Penn State Intercom......April
5 , 2001
Better rain predictions could
improve flood forecasting
By A'ndrea Elyse Messer
Forecasts for heavy rains in the Middle Atlantic region of the United States often come too late to predict flooding accurately, but evaluations of past storms with different forecasting methods may improve flood prediction, according to two Pennsylvania meteorologists.
"The problem in Pennsylvania is flooding," said Paul G. Knight, state climatologist at University Park. "Pennsylvania is one of the more flood-prone states in the nation. It is in the top quarter."
Pennsylvania is laced with rivers, creeks, streams and mountains, making it vulnerable to flooding. Pennsylvania also is flood prone because flooding is not a phenomenon of only one season.
"In the spring and
fall we get slow floods as the ground saturates and streams fill, in the
winter, rain on frozen ground, along with snow and ice melt often causes
flooding and in the summer, thunderstorms and tropical storms also cause
flooding," Knight said.
These varied weather
conditions contribute to the difficulties in forecasting heavy rains.
The computer models that help forecast weather employ convective parameterization
schemes to account for atmospheric conditions that are not completely
rendered in the models. In essence, these schemes are fudge factors that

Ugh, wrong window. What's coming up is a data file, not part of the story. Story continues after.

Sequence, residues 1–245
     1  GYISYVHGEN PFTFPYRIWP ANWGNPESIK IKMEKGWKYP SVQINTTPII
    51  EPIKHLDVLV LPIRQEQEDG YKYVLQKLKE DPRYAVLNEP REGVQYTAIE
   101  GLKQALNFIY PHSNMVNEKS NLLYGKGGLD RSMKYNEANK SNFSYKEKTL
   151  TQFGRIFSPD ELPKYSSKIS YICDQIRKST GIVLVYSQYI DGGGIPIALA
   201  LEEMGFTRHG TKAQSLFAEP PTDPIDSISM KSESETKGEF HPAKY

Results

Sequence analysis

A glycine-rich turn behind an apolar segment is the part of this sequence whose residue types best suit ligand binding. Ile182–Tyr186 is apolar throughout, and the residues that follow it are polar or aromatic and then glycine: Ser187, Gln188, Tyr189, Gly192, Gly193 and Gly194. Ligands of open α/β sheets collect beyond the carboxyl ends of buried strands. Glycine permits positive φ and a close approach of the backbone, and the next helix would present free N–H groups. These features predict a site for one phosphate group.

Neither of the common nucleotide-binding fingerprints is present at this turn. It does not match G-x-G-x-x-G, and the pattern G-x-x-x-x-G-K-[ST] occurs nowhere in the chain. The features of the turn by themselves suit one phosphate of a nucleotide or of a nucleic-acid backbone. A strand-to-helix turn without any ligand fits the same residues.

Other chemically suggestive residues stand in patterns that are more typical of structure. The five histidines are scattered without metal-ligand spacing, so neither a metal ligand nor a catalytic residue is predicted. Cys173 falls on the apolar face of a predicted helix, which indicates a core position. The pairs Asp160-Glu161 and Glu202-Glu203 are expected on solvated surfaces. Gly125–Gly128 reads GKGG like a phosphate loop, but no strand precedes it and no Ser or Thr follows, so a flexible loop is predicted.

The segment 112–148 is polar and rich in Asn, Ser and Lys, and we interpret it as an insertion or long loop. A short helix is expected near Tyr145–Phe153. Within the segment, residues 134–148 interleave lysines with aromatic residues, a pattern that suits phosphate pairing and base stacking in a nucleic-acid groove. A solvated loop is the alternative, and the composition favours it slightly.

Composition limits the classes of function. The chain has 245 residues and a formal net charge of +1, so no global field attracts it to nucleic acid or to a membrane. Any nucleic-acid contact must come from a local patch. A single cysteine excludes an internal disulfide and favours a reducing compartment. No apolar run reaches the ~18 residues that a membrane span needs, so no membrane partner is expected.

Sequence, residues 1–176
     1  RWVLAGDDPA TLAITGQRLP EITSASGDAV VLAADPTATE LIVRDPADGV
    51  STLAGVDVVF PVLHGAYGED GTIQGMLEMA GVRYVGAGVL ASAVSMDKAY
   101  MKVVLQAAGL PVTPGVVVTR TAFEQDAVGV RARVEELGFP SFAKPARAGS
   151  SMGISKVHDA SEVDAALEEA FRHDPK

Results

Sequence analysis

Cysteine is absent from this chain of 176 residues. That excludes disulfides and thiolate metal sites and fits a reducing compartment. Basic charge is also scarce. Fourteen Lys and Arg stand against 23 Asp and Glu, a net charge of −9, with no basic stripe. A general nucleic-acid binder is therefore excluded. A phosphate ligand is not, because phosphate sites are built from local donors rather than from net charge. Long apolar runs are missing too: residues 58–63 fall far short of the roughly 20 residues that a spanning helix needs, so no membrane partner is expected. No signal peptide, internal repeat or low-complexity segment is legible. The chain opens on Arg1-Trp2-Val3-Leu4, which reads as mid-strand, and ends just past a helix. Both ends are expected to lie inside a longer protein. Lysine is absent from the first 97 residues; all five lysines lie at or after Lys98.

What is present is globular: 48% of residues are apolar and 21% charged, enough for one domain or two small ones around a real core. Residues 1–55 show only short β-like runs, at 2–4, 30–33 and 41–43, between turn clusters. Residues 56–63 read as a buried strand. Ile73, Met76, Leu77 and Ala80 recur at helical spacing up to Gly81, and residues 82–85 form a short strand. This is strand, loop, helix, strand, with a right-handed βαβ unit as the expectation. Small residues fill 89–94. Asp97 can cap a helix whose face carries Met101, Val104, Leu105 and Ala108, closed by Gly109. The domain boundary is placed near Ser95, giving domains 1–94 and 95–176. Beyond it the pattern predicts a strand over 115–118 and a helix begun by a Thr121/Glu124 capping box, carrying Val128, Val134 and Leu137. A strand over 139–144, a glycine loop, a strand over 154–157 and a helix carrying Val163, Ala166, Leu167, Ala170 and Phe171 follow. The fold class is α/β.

help the models approximate rainfall and improve forecasts.
example, are rather small and fall between the grid points in our models,"
Knight said. "Convective parameterization schemes try to account for such
events that are smaller than the models can see."
Reducing the size of
the grid squares is not yet an option because the increase in data points
dramatically increases the amount of computer time and power necessary
to run the models.
Heavy rainfall baseline
Working with Michael
S. Evans, National Weather Service meteorologist, Knight initially looked
at case studies to produce a baseline of data on heavy rainfall events
in the area covered by the Middle Atlantic River Forecast Center of the
National Weather Service in State College.
His current project
expands and updates the baseline data on climate to include more data.
Problems arise because past data are not in the same time frame or even